Number of factors lead to rising costs
By Burton Speakman
Customers should temper expectations for a great buy on their favorite cut of steak or even ground beef for the family because prices are expected to increase for all beef products, analysts say.
A number of factors, including dry conditions, a shortage of cattle and rising costs for the limited amount of grain available, will push prices higher over the next few months.
There may be a slight reduction in prices temporarily as farmers sell their cattle to avoid having to pay the rising costs to keep them, said Joel Matthews, owner of Matthews Cattle Company in Canfield.
There are more cattle in the Mahoning Valley that owners will have to make decisions about, said Chad Bailey, ranch manager for Matthews Cattle. The number of beef cattle has been increasing in the Valley over the past few years.
“Since a number of farmers in the area have received oil and gas [lease] money, they have gotten out of dairy cattle and moved to beef cattle,” he said.
Increased feed costs are leading to debates about what to do with cattle — keep them and buy more feed or have them processed, Bailey said.
Bailey and Matthews talked last week about ways to secure additional hay to feed the herd. The two want to continue to increase the size of the beef cattle herd, which is currently at 110 head.
The shortage of cattle because of the ongoing drought locally and nationwide will increase prices for beef. The price will increase as much as the public is able and willing to pay, Bailey said.
“The only thing that may save us is exports,” Bailey said.
Henry Nemenz, owner of three IGA stores and seven Sav-A-Lot stores, said his industry already is seeing an influx of beef from Mexico and more lower-grade meat being offered to reduce costs. The beef from Mexico is typically $3 to $4 a pound cheaper.
Prices for American beef already have started to rise due to drought conditions in 2011 in the West, he said.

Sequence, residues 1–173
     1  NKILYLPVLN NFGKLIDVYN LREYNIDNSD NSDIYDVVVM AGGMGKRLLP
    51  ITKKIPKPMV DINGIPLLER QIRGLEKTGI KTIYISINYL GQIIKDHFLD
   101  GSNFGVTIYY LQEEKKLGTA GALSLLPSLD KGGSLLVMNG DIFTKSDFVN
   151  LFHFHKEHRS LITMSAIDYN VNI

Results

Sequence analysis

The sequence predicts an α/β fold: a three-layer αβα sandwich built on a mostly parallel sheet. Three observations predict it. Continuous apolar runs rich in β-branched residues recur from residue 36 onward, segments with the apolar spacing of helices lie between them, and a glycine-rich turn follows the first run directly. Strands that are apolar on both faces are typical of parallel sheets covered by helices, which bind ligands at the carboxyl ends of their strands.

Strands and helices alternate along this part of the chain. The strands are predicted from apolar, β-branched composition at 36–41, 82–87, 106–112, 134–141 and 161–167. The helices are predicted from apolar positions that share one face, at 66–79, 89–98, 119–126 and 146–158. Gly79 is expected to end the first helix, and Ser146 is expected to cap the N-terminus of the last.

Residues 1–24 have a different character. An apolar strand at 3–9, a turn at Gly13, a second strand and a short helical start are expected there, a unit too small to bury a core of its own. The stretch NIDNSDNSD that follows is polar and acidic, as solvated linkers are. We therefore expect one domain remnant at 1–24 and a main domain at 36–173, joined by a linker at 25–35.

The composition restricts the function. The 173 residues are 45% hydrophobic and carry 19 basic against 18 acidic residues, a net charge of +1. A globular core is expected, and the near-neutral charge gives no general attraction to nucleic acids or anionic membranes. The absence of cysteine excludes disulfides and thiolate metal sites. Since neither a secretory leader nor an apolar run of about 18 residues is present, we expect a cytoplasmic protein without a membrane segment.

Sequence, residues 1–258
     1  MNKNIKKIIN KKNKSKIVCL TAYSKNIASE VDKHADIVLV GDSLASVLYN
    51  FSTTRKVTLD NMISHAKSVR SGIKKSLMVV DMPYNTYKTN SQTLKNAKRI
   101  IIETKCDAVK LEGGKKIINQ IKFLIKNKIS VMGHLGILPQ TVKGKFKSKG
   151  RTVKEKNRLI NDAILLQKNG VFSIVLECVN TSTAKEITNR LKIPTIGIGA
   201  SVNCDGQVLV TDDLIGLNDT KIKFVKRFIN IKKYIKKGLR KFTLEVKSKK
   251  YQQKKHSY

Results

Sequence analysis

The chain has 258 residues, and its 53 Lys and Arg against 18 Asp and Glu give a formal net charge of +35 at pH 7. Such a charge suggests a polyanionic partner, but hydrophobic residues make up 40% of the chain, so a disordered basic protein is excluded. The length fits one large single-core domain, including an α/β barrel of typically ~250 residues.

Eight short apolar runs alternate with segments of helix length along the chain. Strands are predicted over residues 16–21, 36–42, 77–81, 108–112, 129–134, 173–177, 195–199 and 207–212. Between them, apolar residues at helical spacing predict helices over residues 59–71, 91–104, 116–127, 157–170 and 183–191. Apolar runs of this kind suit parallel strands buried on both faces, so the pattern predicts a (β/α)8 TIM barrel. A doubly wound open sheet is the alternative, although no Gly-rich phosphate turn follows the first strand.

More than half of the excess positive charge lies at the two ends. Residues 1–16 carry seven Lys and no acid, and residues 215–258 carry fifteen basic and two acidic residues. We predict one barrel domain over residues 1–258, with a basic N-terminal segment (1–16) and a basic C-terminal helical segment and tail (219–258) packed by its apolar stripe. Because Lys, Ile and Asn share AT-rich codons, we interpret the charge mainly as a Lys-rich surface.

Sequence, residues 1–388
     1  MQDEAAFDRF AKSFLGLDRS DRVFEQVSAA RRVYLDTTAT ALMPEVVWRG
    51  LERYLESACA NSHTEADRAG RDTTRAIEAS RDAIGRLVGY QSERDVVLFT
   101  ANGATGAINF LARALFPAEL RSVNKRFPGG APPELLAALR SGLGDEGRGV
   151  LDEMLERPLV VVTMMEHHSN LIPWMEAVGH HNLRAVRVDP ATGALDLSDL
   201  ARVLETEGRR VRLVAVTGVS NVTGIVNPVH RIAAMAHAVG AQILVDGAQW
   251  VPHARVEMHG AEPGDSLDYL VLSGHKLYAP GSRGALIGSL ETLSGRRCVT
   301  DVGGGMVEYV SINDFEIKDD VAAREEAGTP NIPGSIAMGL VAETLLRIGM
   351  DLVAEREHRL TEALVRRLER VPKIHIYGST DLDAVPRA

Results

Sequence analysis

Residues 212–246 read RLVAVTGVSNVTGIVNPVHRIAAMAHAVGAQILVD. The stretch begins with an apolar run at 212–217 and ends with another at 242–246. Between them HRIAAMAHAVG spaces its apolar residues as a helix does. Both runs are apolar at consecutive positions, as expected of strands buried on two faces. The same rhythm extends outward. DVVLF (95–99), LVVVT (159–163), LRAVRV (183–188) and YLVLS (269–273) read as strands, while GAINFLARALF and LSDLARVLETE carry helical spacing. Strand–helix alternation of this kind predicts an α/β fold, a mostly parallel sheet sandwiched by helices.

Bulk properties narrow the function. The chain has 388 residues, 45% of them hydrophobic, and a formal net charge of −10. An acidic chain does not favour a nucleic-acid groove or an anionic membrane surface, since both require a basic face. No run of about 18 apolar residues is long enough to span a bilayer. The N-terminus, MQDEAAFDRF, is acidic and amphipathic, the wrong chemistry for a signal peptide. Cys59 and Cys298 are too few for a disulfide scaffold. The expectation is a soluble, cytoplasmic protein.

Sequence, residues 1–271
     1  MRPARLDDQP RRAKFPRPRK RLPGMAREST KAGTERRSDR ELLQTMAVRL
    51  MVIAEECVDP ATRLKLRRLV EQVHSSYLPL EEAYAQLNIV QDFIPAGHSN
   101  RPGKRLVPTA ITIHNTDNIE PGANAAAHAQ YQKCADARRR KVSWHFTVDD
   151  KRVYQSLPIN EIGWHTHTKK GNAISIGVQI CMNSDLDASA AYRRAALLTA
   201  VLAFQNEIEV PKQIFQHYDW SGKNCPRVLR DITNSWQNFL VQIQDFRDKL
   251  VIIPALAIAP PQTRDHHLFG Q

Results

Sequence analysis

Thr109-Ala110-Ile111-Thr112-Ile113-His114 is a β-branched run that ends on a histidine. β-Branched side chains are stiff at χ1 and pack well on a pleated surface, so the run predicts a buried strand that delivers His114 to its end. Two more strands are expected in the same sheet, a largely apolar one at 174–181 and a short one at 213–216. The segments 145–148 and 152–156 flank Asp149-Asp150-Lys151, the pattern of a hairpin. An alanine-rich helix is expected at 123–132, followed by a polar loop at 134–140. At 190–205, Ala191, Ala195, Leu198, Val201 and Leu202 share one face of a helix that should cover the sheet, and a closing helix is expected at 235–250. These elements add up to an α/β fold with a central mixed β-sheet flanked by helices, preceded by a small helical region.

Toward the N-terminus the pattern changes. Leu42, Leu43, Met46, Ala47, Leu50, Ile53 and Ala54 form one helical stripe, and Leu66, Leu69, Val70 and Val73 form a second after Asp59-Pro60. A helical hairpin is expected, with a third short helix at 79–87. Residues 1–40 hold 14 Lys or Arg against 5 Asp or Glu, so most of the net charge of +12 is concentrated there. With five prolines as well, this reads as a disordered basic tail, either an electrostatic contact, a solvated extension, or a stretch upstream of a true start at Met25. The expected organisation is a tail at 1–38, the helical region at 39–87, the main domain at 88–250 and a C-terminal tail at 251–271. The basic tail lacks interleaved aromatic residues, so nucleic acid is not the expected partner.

“I’ve been in this industry for more than 50 years, and I’d never heard of Mexican beef until last year,” Nemenz said.
These lower-quality and Mexican beefs do not have much fat and therefore are dry and tough when cooked, he said.
There are a lot of people who do not know what to look for when shopping for beef, Nemenz said.
They can receive some information by looking at the label, but the labels typically say produced in the United States or Mexico, he said.
The dry conditions that are reducing the local corn crop are directly impacting the area’s beef producers, said David Marrison, agent for the Ohio State University Agricultural Extension in Trumbull and Ashtabula counties.
“The corn crop has been hurt, and there won’t be enough to go around,” he said. Corn is prime feed for beef cattle.
A larger portion of the U.S. had moderate drought conditions or worse than at any other time in the 12-year history of the U.S. Drought Monitor, according to a release from the National Drought Mitigation Center at the University of Nebraska-Lincoln.
The overall supply of beef has gone down not just in Ohio but nationally over the past few years, said John Grimes, beef coordinator for the OSU Agricultural Extension.
“When you look at the drought map [National Drought Mitigation Center], the areas that have been hardest hit are some of the top cattle-producing states,” he said.
This is the second year in a row for severe drought in the top two beef-producing states of Texas and Oklahoma, Grimes said. The most-severe areas this year have just moved further north to impact other cattle-producing states.
There also is more demand now for corn than ever before between exporting, new uses and lower-than-average production, said Anthony Bush, vice president of the Ohio Corn and Wheat Growers Association.
It does take some time before the situation impacts consumers. Typically, the lifespan of cattle is 12 to 18 months, Grimes said.
“The current amount of beef being produced in this country is the lowest its been in the last 50 years,” he added.
The U.S. traditionally has exported a lot of beef, but the expectation is imports will continue to grow as the U.S. supply shrinks. The strength of the dollar also will have a lot of impact on how much is imported, Grimes said.